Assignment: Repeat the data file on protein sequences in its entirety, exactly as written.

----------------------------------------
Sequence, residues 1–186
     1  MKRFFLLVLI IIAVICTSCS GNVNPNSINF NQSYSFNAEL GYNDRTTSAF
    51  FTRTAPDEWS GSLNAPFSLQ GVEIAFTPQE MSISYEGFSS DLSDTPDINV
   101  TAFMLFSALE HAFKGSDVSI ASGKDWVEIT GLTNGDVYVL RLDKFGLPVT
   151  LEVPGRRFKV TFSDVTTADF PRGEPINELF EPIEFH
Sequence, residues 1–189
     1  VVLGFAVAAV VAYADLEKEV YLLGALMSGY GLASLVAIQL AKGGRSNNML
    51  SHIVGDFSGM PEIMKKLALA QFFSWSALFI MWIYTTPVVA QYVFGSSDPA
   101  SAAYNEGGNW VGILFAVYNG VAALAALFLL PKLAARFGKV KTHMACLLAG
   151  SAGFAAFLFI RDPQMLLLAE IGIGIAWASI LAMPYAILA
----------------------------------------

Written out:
Sequence, residues 1–186
     1  MKRFFLLVLI IIAVICTSCS GNVNPNSINF NQSYSFNAEL GYNDRTTSAF
    51  FTRTAPDEWS GSLNAPFSLQ GVEIAFTPQE MSISYEGFSS DLSDTPDINV
   101  TAFMLFSALE HAFKGSDVSI ASGKDWVEIT GLTNGDVYVL RLDKFGLPVT
   151  LEVPGRRFKV TFSDVTTADF PRGEPINELF EPIEFH
Sequence, residues 1–189
     1  VVLGFAVAAV VAYADLEKEV YLLGALMSGY GLASLVAIQL AKGGRSNNML
    51  SHIVGDFSGM PEIMKKLALA QFFSWSALFI MWIYTTPVVA QYVFGSSDPA
   101  SAAYNEGGNW VGILFAVYNG VAALAALFLL PKLAARFGKV KTHMACLLAG
   151  SAGFAAFLFI RDPQMLLLAE IGIGIAWASI LAMPYAILA